I am reading the book "The Arithmetic of Hyperbolic Three Manifolds" by Maclachlan and Reid and I am having some problems in understanding something about cusps.

The definition they give of a cusp is the following (1.2.7):

A point $\zeta \in \overline{\mathbb{C}}$, the sphere at infinity, is a cusp of the Kleinian group $\Gamma$ if the stabiliser $\Gamma_\zeta$ contains a free abelian group of rank 2.

This is ok for me. Anyway, I know another definition of cusp (or, better, of "cusp neighborhood"), the one coming from the thick-thin decomposition. Obviously, one cannot expect these to be the same thing, but my claim would be the following:

Let $M= \frac{\mathbb{H}^3}{\Gamma}$ be a hyperbolic (finite volume, complete, connected, orientable) 3-manifold. There is a bijection between the cusps under the action af the group $\Gamma$ (that is, $\zeta \cong \zeta'$ if exists $A \in \Gamma$ s.t. $A\zeta = \zeta'$) and the cusp neighborhoods obtained in the thick-thin decomposition.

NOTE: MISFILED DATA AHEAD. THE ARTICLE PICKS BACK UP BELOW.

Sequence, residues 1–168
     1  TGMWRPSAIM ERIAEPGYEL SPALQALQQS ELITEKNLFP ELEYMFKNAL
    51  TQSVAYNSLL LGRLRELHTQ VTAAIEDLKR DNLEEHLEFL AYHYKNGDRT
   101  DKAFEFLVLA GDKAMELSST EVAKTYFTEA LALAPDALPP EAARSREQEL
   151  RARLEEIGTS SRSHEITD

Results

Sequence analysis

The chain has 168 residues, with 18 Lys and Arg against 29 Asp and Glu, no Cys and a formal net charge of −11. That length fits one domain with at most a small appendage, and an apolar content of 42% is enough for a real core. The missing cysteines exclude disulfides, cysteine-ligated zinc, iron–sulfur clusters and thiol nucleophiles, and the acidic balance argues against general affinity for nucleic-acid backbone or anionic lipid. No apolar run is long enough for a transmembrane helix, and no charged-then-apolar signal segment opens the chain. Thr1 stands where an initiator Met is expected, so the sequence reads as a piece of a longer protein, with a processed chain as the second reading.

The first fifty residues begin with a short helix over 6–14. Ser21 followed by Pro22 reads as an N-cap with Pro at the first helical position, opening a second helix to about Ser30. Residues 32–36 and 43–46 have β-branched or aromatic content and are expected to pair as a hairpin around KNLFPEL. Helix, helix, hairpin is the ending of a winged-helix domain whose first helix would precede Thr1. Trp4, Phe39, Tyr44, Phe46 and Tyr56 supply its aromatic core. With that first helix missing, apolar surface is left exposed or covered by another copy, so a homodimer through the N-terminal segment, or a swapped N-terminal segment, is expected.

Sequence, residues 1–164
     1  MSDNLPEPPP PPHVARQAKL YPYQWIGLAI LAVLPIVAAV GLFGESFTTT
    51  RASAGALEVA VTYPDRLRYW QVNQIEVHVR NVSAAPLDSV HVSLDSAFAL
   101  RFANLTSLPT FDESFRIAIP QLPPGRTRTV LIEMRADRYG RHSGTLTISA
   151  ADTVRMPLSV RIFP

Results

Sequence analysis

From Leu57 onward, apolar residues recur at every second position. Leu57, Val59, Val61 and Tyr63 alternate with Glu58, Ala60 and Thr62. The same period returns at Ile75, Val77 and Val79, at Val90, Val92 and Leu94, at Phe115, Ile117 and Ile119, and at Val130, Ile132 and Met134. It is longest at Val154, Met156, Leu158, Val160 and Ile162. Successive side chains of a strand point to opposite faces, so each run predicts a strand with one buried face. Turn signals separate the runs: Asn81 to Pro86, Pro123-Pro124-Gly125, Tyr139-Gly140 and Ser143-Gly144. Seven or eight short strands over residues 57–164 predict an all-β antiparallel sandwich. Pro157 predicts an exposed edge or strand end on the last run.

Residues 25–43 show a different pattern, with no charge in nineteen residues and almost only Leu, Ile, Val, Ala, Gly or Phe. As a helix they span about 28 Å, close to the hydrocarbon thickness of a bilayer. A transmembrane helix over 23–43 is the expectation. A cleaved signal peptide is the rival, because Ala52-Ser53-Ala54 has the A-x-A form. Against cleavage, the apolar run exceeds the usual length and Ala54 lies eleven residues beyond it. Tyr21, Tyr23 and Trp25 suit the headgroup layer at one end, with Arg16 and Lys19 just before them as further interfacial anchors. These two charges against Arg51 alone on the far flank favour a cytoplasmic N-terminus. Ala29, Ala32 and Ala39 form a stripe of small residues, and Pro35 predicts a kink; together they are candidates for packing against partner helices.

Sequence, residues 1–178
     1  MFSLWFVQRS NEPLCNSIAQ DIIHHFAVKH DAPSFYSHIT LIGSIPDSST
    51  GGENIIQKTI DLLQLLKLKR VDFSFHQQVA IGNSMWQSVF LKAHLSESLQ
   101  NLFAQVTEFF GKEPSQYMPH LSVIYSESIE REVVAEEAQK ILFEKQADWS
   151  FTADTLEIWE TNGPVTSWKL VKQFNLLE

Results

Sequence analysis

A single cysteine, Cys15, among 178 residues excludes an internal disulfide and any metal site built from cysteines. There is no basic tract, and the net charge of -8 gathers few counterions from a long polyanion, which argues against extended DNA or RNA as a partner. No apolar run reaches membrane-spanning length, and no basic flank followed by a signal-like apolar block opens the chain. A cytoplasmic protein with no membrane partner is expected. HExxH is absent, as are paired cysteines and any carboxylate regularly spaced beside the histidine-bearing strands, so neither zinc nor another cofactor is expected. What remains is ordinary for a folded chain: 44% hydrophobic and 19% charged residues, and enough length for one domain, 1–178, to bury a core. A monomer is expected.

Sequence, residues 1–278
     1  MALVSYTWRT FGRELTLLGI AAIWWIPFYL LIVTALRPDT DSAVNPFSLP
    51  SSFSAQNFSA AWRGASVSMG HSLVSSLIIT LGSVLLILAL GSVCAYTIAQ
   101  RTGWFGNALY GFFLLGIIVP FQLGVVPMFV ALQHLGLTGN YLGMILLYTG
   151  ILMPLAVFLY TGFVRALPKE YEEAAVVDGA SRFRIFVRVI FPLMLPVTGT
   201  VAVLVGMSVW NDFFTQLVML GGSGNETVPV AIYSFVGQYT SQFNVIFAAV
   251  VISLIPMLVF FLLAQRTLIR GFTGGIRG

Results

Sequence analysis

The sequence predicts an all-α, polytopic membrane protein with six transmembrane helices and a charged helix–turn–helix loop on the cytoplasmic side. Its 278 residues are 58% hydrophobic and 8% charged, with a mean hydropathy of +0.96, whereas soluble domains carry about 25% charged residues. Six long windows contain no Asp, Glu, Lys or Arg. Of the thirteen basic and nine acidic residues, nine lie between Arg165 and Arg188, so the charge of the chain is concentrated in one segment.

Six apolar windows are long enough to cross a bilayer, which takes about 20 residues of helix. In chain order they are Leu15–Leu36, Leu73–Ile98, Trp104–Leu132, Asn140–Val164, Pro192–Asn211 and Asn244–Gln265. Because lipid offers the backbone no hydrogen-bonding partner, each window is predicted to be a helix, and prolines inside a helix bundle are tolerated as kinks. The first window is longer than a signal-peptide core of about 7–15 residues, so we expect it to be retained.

Is this true? Can you give me some reference about this?

I have another problem related with this is much more specific, and I think it should be easier, but I find some difficulties. From some consideration made in the rest of the book, i would believe this, but I cannot prove it.

In the same settings as above, let $T_i \times [0, \infty)$ be a cusp neighborhood. Let $\zeta_i$ be the corresponding cusp in $\overline{\mathbb{C}}$. Then $\pi_1(T_i \times \{0 \})$ embeds in $\Gamma$ through $i^*$ (the inclusion) and its image is (after composing, if necessary, with conjugation) $\Gamma_{\zeta_i}$.

Is this true? Can you give me some reference?

I thank you in advance.